The designers also needed a way to create a single unified look that would serve as Porto’s one graphic identity. The answer came in the decorative blue ceramic tiles seen throughout the city for centuries. The line drawings and illustrations on the tiles depicted visual stories about Porto’s history, landmarks, and natural surroundings. That inspired White Studio to create 70 pictograms that represented Porto and its people. The pictograms were designed to fit on a grid that could be combined into a network of images or used individually. The logotype itself is a simple blue sans serif against a white background within a blue boxed border. The beauty of this visual system is that it allows elements to be changed out frequently and still be recognizable as Porto’s graphic identity. It works.
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How familiar are you with brand and generic names? Probably less than you realize. Some revolutionary trademarked products have achieved such market dominance that their name has become synonymous with an entire category of product or service. Particularly for breakthrough products, consumers spontaneously use the pioneer brand name generically, even when referring to later entrants in the field. Occasionally companies lose their proprietary rights to a trademark if they let competitors use the name as a common “descriptor” of a category of products and not linked to any one brand. At that point, the word can no longer be registered, a phenomenon known as “genericide.” In other instances, the trademark owner decides not to renew registration and simply lets the trade name expire.
This quiz challenges you to identify whether the name is: 1) trademarked (registered to a specific company), 2) generic (never trademarked), 3) genericized (once trademarked but now a common noun) or 4) former TM (trademark allowed to expire). Answers after the jump.
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Now in its second year, the Tusk Conservation Awards single out individuals who have done outstanding environmental conservation work throughout Africa, with particular focus on protecting endangered species and their threatened habitat. The prestigious honor includes a monetary contribution of £30,000 and £15,000 to support the goals of the winning projects. What the fledgling award didn’t have, however, was its own graphic identity. For that, London-based The Partners stepped up and provided their creative talent pro bono.
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Lasso Tyres, based in Turkey, chose a novel way to urge customers to be prepared for winter weather by linking their treads with threads. Designed by Happy People Projects creative agency in Istanbul, these print and outdoor advertisements invite the viewer to make the connection between deeply grooved tires that will hug the road even in the worst weather and very pronounced knit sweater stitches. Very clever and memorable.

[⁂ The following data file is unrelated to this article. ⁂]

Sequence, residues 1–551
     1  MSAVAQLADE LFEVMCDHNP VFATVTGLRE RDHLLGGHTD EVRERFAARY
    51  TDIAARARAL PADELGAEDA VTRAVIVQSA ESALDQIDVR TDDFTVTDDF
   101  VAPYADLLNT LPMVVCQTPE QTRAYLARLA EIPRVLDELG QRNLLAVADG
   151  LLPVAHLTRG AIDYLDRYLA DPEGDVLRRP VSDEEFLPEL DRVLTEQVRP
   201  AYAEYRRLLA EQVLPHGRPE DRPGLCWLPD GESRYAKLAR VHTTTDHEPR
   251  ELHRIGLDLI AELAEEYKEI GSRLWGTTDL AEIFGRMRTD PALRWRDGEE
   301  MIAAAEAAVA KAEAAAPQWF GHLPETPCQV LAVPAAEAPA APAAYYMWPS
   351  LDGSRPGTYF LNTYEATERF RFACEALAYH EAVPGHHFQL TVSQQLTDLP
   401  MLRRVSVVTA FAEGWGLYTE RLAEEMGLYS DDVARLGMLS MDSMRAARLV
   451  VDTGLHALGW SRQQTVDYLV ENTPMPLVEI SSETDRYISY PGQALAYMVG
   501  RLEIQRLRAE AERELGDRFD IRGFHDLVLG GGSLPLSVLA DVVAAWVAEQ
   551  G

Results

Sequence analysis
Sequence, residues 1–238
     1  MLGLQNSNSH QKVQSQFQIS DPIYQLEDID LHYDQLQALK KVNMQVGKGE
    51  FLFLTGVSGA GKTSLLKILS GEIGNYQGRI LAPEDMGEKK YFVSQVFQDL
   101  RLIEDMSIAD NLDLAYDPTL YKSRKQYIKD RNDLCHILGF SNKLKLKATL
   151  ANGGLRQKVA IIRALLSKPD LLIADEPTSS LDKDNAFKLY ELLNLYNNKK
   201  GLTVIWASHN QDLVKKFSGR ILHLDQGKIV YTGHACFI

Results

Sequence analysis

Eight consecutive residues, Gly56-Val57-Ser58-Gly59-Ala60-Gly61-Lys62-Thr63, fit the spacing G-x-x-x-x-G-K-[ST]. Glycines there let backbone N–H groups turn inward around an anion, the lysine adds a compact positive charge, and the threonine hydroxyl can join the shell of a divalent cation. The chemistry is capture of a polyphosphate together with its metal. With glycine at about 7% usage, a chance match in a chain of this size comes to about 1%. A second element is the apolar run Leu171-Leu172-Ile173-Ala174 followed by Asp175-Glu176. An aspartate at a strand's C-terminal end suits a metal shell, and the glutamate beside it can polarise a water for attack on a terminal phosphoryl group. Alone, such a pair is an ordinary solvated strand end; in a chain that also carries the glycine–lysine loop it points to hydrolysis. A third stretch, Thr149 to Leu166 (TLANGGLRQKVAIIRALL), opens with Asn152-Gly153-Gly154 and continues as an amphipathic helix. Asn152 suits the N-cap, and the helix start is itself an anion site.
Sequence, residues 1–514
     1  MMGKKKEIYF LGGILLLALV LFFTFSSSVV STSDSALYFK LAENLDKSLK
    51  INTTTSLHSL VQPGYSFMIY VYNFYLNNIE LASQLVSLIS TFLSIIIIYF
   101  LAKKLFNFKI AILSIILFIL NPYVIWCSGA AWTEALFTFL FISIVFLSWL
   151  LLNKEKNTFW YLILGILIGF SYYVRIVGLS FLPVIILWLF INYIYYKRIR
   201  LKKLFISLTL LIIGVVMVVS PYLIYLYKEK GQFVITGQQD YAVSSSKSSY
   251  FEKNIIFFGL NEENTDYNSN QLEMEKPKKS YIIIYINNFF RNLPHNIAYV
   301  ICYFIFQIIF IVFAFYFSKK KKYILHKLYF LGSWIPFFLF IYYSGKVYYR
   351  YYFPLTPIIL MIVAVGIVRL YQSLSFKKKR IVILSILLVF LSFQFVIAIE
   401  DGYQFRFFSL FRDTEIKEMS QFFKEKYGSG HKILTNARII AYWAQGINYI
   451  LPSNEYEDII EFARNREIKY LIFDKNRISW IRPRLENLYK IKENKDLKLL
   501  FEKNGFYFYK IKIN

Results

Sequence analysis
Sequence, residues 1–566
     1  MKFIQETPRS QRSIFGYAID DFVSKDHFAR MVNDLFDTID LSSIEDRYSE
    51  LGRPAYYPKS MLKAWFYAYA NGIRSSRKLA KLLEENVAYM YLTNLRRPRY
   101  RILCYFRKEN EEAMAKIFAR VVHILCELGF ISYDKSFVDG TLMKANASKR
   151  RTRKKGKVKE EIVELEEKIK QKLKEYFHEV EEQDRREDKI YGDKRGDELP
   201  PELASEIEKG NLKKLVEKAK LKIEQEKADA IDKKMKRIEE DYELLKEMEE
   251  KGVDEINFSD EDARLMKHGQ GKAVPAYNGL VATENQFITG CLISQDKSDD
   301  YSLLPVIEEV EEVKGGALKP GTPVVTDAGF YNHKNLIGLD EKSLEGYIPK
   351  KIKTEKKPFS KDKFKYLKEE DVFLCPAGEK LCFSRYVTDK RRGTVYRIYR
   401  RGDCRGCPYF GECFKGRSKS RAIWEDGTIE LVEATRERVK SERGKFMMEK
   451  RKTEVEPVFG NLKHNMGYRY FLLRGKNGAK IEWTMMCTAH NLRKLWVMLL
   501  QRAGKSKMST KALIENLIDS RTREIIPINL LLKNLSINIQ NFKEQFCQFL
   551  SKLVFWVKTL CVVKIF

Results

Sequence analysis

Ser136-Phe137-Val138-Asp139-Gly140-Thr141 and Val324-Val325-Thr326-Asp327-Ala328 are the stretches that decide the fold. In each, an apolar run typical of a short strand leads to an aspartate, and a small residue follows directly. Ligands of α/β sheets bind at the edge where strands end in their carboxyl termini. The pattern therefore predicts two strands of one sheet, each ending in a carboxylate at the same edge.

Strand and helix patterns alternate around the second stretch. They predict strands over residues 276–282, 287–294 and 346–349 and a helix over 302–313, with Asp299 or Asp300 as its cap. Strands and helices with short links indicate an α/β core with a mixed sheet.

What’s black-and-white and impossible to ignore? The graphic identity of 52 North, a hip restaurant and bar in London. UK-based design studio I Love Dust and interior architects 44th Hill used scale and contrast to make us aware of the geometric beauty of typography. The huge letterforms become another shape in a collage of stripes, dots, stars and diamond angles. In 52 North’s restaurant and bar, warm wood furnishings soften the starkness of the letterpress-style mural, but the mural itself becomes like a “menu” of decorative shapes that can be mixed and matched on packaging and printed materials, making each piece look slightly different yet part of the overall brand. It’s a complete identity program with room to grow.
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Naming is a discipline that strikes many as part voodoo, part marketing strategy, and totally mysterious. We suspect it was easier a century or so ago when founders named the brand after themselves — e.g., Ford (Henry Ford) and Wells Fargo (Henry Wells and William Fargo) – or simply described what they made – e.g., International Business Machines (IBM). Now, it is not so easy, and companies usually turn to professional naming firms to come up with effective memorable brand names that will resonate with consumers. On top of that, they have to make sure the name can be trademarked, pronounced easily, have positive connotations around the globe, and stand out on a retail shelf, on a website and on its own. Here are some tips from David Placek, founder and president of Lexicon Branding, the firm that developed the familiar names you see below.
1. A Brief for the Development of a Name Is Different
Than a Brief for an Advertising Campaign.
(1) A naming brief makes sure that distinctiveness is a primary goal and that risk will be rewarded.
(2) A naming brief answers this fundamental question: How can the name help this new brand to become a winner?
(3) A naming brief defines a specific role for the name rather than the product itself, messaging or design.
(4) A naming brief tells the story of the brand so that the brand name becomes an essential part of the story — better yet, the title.